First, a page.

USA Today Article on Organics No Better Than Conventional is Misleading

4
Sep

Here’s an article in USA Today that does a disservice to its readers. The title states that a study in the Annals of Internal Medicine finds no nutritional edge to organics over non-organic food.

The two authors reviewed and compiled the results of 17 earlier studies in humans and 233 studies in foods to see if there were more nutrients in organic or more allergies if you didn’t eat them. In these areas, there were no significant differences.

But what about pesticides? USA Today reported that only 7% of organic foods had detectable pesticide residue compared with 38% of conventional produce. They go on to say that only three studies found pesticide residue that exceeded maximum allowed limits in the European Union on organic or conventional produce.

This to me is an absolutely ridiculous way to look at the data. They are telling you that it’s OK to regularly eat more than 5 times the pesticides on a regular basis.

Then they go on to say that the organic food likely has pesticide levels even though none are used because the soil retains pesticides and the pesticides are already in the soil.

Think about it. If there is pesticide in the soil that doesn’t go away and it stays there so it seeps into organic food in low levels, what do you think is happening to your body from constantly eating over 5 times the pesticide level?

Exactly, it is going to stay in your body and accumulate in levels that can and likely will lead to disease.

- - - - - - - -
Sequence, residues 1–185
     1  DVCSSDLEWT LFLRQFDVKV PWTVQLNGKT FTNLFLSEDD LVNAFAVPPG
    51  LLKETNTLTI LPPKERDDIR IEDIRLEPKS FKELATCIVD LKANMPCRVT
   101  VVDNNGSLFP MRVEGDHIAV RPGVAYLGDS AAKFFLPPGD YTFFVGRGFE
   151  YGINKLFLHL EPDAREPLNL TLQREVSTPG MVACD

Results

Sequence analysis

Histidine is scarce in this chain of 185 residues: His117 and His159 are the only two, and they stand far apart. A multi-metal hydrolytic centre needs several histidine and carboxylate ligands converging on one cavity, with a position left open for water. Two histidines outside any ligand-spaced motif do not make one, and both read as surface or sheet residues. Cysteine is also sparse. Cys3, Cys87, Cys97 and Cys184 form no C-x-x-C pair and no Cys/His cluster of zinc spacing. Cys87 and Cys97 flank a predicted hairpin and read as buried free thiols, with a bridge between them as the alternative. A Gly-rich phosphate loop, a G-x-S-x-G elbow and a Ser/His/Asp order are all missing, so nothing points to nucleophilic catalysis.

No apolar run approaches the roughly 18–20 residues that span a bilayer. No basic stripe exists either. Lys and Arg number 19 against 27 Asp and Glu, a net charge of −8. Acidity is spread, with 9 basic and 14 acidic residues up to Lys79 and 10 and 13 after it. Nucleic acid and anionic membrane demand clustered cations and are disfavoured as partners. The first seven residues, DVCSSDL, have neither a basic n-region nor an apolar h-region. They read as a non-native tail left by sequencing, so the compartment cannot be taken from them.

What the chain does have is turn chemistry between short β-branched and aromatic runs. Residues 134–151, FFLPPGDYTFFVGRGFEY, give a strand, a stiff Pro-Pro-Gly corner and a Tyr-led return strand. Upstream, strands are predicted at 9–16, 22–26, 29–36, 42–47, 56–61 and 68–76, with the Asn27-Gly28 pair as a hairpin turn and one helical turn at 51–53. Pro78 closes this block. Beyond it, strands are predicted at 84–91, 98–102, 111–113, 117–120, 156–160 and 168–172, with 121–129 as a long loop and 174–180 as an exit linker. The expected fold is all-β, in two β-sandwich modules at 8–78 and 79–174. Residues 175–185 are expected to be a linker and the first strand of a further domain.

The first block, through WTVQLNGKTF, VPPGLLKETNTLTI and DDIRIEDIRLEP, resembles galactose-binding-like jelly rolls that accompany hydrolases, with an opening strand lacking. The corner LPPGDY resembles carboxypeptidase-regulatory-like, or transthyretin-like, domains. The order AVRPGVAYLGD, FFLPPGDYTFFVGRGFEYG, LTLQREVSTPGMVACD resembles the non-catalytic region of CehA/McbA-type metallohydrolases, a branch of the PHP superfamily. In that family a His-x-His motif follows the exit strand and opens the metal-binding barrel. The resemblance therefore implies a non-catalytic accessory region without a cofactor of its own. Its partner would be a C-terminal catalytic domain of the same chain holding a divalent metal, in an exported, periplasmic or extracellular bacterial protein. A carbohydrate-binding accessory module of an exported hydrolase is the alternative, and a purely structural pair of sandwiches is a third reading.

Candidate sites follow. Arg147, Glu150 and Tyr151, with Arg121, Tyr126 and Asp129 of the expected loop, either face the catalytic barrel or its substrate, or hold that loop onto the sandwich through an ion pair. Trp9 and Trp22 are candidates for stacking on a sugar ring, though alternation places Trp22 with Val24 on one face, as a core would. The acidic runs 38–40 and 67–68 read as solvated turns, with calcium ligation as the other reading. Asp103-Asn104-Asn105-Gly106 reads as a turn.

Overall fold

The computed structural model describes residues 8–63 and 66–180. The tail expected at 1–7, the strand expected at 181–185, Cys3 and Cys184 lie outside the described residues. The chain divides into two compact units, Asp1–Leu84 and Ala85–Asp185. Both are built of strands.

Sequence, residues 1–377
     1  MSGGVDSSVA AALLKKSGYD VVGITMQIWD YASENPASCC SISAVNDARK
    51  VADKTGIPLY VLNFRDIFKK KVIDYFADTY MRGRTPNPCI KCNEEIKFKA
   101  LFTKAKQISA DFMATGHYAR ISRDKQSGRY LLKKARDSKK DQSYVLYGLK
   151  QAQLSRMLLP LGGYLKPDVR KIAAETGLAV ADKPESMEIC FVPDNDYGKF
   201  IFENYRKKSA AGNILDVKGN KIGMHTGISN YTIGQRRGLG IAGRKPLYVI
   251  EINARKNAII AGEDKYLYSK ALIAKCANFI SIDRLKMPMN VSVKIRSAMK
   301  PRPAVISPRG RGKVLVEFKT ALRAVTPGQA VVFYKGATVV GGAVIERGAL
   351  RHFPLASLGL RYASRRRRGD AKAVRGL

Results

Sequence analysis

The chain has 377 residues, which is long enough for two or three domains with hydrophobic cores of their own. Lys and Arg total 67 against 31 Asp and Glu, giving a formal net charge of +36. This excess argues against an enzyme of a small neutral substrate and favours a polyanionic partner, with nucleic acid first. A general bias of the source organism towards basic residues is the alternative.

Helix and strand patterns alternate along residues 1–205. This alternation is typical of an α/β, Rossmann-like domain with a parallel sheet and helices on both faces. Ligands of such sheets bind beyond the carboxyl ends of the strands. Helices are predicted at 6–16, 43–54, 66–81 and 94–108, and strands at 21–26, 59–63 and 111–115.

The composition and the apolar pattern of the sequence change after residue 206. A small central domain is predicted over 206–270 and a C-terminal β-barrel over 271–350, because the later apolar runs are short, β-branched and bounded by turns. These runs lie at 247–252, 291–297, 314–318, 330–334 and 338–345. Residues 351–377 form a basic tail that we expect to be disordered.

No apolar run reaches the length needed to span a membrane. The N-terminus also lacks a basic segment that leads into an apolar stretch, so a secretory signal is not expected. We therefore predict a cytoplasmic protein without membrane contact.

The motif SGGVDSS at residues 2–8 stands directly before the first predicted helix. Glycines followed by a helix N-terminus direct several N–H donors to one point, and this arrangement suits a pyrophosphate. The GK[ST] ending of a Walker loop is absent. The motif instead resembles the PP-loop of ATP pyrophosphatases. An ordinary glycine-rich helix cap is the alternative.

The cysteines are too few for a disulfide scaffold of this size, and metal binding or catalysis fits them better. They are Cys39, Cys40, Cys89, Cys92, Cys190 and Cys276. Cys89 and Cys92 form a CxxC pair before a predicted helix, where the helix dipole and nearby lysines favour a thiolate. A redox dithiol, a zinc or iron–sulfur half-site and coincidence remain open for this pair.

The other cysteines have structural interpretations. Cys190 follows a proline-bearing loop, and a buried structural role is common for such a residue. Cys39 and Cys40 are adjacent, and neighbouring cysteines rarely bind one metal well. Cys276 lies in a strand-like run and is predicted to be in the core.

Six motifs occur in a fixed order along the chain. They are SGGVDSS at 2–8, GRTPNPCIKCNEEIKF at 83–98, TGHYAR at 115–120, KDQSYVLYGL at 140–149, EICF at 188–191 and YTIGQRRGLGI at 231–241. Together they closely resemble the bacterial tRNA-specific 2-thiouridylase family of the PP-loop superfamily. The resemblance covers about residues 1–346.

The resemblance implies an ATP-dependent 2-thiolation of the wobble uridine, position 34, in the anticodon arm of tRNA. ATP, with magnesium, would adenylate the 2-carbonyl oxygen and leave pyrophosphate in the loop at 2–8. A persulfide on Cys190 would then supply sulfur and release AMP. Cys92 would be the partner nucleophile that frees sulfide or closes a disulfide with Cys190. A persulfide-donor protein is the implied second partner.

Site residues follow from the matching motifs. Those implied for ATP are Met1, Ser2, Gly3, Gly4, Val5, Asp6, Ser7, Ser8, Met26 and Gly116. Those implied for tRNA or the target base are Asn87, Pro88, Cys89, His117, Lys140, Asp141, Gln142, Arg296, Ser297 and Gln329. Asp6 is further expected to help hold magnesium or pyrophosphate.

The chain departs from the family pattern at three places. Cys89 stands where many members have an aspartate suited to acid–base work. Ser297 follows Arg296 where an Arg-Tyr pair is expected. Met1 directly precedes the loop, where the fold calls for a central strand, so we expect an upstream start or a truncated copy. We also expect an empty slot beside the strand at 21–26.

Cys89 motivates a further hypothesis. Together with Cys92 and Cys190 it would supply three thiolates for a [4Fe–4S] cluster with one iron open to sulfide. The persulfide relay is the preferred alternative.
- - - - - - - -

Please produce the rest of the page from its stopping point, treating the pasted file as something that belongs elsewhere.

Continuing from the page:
To me, this headline sensationalized to suggest that organic cost more but not worth it is a disservice to its readers. It’s contributing to the huge challenge we face in getting people the information they need to stay well.

If you are going to eat non-organic, then learn about the dirty dozen – the 12 foods with the highest pesticide levels and buy non-organic only if they are in the clean 15 – those foods found to have the lowest pesticide levels.

“The Dirty Dozen” list includes:

celery
peaches
strawberries
apples
domestic blueberries
nectarines
sweet bell peppers
spinach, kale and collard greens
cherries
potatoes
imported grapes
lettuce

All the produce on “The Clean 15” bore little to no traces of pesticides, and is safe to consume in non-organic form. This list includes:

onions
avocados
sweet corn
pineapples
mango
sweet peas
asparagus
kiwi fruit
cabbage
eggplant
cantaloupe
watermelon
grapefruit
sweet potatoes
sweet onions

 

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